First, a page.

# I saw somewhere that the probability of a sequence of say 7 consecutive numbers 1 2 3 4 5 6 7 is lower than the sequence of 7 randomly generated digts.

42 views
0
7 Comments

If I were to pick numbers for a lottery perhaps, would a sequence like that be a bad idea?

In: 0

You heard wrong. If you’re picking 7 numbers the odds of any given sequence of numbers will be exactly the same as the odds of another given sequence of numbers. There’s nothing special about 1 2 3 4 5 6 7 as a given sequence of numbers other than people thinking it’s special.

All the combinations have the same chance of occurring, what changes are the human impact on the numbers, for a lottery you in general want to pick a combination that other humans haven’t chosen, so humans will often pick sequences which include 7 or the numbers 1 to 31 for birthdays. So the chances of numbers 1 to 7 happening are the same but several hundred people may have picked the same sequence so the jackpot will be smaller.

> the probability of a sequence of say 7 consecutive numbers 1 2 3 4 5 6 7 is lower than the sequence of 7 randomly generated digts.

Well yes, that’s trivial: getting *one specific* sequence instead of *any sequence* is a rather narrower target to aim for.

What you need to consider is that it has the same probability of *any* single specific sequence assuming the draw is truly random without tricky stuff like having ten 4 balls in the bucket you pull from. 4 8 3 5 2 7 1 has the exact same probability as 1 2 3 4 5 6 7.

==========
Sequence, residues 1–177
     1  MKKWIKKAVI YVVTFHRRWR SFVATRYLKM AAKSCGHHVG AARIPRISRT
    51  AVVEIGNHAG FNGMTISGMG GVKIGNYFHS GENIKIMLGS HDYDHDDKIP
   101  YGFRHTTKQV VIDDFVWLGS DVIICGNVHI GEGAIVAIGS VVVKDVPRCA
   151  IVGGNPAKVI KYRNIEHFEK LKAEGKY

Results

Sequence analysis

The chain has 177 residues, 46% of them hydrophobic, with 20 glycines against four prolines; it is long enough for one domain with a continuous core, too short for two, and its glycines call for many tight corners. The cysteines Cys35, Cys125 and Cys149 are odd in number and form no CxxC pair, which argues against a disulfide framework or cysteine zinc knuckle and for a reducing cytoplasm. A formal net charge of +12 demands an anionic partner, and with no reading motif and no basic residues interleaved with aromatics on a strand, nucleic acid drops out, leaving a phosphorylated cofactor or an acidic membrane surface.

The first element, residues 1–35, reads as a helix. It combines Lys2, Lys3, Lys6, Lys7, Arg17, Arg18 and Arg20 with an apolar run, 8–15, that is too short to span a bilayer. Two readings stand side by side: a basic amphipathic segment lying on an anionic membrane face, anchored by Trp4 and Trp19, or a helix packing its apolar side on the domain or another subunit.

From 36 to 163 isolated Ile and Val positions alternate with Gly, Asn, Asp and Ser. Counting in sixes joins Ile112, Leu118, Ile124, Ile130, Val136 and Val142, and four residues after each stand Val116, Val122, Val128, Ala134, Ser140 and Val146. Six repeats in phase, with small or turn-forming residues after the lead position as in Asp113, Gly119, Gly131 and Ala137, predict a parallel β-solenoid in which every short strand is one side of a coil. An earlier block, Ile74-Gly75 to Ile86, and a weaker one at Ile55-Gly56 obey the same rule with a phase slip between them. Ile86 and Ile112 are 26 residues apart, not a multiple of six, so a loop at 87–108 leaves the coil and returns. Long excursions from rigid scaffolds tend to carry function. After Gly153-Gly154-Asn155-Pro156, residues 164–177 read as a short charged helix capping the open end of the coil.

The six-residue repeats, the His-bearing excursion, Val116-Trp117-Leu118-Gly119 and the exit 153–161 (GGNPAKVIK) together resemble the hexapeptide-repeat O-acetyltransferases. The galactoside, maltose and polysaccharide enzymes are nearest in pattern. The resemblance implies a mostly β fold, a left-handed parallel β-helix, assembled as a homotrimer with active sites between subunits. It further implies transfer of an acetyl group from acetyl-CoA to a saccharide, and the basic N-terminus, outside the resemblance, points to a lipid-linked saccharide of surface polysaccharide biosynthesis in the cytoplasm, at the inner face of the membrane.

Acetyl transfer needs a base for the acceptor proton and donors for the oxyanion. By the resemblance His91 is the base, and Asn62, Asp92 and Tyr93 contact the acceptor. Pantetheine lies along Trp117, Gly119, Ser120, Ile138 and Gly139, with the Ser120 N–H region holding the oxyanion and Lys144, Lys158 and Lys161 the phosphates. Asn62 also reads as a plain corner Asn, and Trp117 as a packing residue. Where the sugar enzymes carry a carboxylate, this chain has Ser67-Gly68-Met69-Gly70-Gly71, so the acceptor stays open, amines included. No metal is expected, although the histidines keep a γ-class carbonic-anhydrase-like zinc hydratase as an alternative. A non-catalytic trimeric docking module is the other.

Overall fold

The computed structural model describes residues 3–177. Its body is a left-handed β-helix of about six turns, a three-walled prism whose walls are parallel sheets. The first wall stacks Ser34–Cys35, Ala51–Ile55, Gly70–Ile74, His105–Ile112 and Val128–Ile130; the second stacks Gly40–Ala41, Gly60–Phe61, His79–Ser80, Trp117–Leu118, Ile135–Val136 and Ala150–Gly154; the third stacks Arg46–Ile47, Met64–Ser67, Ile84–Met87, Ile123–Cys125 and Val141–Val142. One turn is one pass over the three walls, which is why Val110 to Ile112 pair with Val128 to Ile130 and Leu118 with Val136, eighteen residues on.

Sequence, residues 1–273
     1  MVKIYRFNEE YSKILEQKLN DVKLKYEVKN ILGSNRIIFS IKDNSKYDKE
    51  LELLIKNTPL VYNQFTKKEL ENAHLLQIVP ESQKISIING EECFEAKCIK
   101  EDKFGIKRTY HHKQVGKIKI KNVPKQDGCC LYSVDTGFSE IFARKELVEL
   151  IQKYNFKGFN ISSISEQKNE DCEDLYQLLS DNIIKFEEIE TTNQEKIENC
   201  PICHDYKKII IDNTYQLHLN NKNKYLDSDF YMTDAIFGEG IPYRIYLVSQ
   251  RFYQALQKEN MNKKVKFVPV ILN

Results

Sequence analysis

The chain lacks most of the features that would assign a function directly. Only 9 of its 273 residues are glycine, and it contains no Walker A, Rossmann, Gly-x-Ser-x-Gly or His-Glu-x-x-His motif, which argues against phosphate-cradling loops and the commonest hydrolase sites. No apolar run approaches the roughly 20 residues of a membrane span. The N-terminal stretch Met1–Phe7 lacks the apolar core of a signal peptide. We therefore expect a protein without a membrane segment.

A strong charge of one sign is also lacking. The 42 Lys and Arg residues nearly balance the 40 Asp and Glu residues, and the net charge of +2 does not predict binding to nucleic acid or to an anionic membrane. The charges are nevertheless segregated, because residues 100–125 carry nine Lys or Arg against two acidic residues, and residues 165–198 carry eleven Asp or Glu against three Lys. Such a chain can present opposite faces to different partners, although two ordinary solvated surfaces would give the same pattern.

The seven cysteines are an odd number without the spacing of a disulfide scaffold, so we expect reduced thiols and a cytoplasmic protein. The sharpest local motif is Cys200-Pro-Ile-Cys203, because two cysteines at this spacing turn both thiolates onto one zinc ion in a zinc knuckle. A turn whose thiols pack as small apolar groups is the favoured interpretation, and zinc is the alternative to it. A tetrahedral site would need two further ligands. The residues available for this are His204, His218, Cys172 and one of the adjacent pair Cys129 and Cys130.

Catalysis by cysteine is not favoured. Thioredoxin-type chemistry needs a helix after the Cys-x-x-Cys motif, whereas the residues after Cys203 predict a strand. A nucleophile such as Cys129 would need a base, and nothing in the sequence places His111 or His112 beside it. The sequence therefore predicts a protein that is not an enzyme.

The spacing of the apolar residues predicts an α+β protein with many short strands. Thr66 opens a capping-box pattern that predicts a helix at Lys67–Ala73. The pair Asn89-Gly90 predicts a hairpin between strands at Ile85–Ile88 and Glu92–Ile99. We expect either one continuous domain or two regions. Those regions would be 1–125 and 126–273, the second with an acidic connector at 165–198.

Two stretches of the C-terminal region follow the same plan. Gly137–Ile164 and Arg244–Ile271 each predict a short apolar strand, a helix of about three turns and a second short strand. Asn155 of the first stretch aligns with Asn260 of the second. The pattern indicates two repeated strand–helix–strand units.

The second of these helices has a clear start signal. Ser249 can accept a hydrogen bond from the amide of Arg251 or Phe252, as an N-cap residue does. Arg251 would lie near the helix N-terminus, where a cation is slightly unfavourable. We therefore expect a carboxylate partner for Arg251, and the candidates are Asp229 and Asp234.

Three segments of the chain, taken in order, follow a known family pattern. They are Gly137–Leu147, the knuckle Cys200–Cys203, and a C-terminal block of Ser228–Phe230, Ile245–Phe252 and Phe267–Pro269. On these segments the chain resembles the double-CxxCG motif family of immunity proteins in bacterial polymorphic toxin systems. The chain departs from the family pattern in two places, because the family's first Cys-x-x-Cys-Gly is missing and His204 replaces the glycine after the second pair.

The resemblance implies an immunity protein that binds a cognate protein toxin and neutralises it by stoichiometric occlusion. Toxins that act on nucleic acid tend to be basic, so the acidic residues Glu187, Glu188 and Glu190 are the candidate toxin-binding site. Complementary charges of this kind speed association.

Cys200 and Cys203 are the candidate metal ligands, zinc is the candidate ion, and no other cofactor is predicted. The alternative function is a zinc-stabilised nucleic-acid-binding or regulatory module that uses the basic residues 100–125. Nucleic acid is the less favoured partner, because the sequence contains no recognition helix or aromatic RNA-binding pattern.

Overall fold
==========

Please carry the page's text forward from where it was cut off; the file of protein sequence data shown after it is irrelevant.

For the lottery the order does not matter by the way, but winning with consecutive numbers still has the same odds as nailing any other set of numbers.

The probability of any 7-digit combination being drawn is equal, be it 1234567 or literally any other combination of 7 numbers.

The small edge you can get in lotteries though is in picking numbers that are seldom selected by other people. That way, if you do win, you won’t have to split the jackpot. This is the only compelling argument to avoiding consecutive sequences or other “popular” combinations (e.g. possible birthdates, well-known sequences, etc).

I think you are asking about minimizing the number of winners to share with, not probabilities of the winning numbers,

I guess most people will select something that “looks random”. However I don’t think 1,2,3,4,5,6,7 would be the best option because there is probably someone out there with similar thoughts. I think something like 4,5,6,12,13,14,15 would be a better choice.